And when it was my turn, with true bravery, I insisted by father-in-law came inside what turned out to be a typical living room along with my fiancée. My in-laws spoke with brevity and Shinka turned me around to face away from her. After pointing to where the pain in my back was, this little old lady took the hardest two knuckles I’ve ever felt and begun nuzzling my disks. I’m convinced I shrieked, the pain was blinding. She started speaking to my family, my in-laws got up to leave, helped me up, and as we went, we placed a few notes in a silver tray, offered our thanks, and left.

They translated that Shinka had found serious issues with my disks, and I should consult a doctor immediately. I did my best to be graceful with my limp, but I felt a little cheated (of what, I later learnt, was the equivalent of three or four euros).

It was the first and only time in my life I’ve truly understood banal racism. Here I was, son-in-law-to-be presuming this was all a nonsense. How was it possible that I’d presumed so readily that this woman must be spiritual when it was evident she was a non-formal chiropractor. I was the product of a lifetime of hackneyed old stories and stereotypes about a misunderstood region and unintentionally imagined myself as Connery or Caine in The Man Who Would Be King.

I didn’t dismiss what she said as we walked back to the car, but it was over too quickly to give it any more serious thought. I held out hope for the MRI at the end of the week, but in the meantime, honour had been satisfied while I was in exacerbated pain from the journey.

Western condescension to Eastern non-formal practices is a prevailing stereotype. It’s usually cast of as spiritualism or rubbish.

It’s up there with what Spike Lee called the “super-duper magical Negro” – mythical soothsayers and folklorists who all happen to be black (think The Shining, The Green Mile and The Legend of Bagger Vance for starters). If you see a fortune teller or town shamen in a film, half the time they’ll be of some eastern persuasion or background.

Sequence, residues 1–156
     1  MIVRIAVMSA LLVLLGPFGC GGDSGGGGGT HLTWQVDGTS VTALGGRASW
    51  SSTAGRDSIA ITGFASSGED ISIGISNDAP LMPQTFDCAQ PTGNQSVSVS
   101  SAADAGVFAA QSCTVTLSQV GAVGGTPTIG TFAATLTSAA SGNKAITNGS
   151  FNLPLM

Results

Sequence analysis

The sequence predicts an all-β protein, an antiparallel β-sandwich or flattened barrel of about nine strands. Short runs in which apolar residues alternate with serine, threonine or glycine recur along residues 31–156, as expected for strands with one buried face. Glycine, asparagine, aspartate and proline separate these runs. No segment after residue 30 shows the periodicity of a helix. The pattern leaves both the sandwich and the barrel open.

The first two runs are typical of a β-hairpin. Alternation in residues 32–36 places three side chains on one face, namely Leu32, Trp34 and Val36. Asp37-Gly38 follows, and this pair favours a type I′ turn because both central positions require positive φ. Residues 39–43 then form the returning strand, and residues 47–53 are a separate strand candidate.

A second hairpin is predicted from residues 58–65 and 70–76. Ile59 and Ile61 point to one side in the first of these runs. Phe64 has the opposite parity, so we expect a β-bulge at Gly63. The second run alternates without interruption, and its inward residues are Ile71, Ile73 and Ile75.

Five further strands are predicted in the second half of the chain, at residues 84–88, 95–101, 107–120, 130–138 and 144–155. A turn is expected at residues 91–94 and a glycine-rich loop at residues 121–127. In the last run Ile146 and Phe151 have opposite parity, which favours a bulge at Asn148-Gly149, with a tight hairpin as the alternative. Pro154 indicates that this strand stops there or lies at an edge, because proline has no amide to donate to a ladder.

At the end of the week, we set out once more, this time to Ohrid for the MRI. The scan showed disk degeneration in my spine and a protruding disk (I’ve since named the backstabbing brute Judas).

Shinka had been entirely on the mark if light on the technical details. Even as the neurosurgeon unequivocally yielded the bad news, it was a thought I couldn’t quite shake from my head. Why had I been so wrong?

There’s a pragmatism in Macedonia that incorporates the practical and the modern in a swirl of cultural identity. To ever label it “backwards” – as some presume, or some outright do – is to commit a heinous fallacy while ignoring the opportunity to experience something unique. My future mother-in-law and wife-to-be swore innocence later on, but I’m convinced that coffee morning in the office was a stitch-up. They fine well knew I’d outright refuse, so strength in numbers.

In retrospect, sitting in a modern office, drinking Turkish coffee, and discussing practical, non-formal medicine as casually as you would a trip to the dentist was the absolute summation of the Balkans. In one fell swoop here was the melting pot of centuries of influences in one place, the meeting of old and new.

What some people crudely call mysticism, others call old wives’ tales. In this case, neither was applicable. What, after all, is medicine if not the acquired and cumulative experience of what works and what doesn’t? Macedonia is very much the same.

Alastair Stewart is a freelance writer and journalist. He writes regular features on politics and history with a particular interest in nationalism and the life of Sir Winston Churchill. Read more from Alastair at and follow him on Twitter @agjstewart.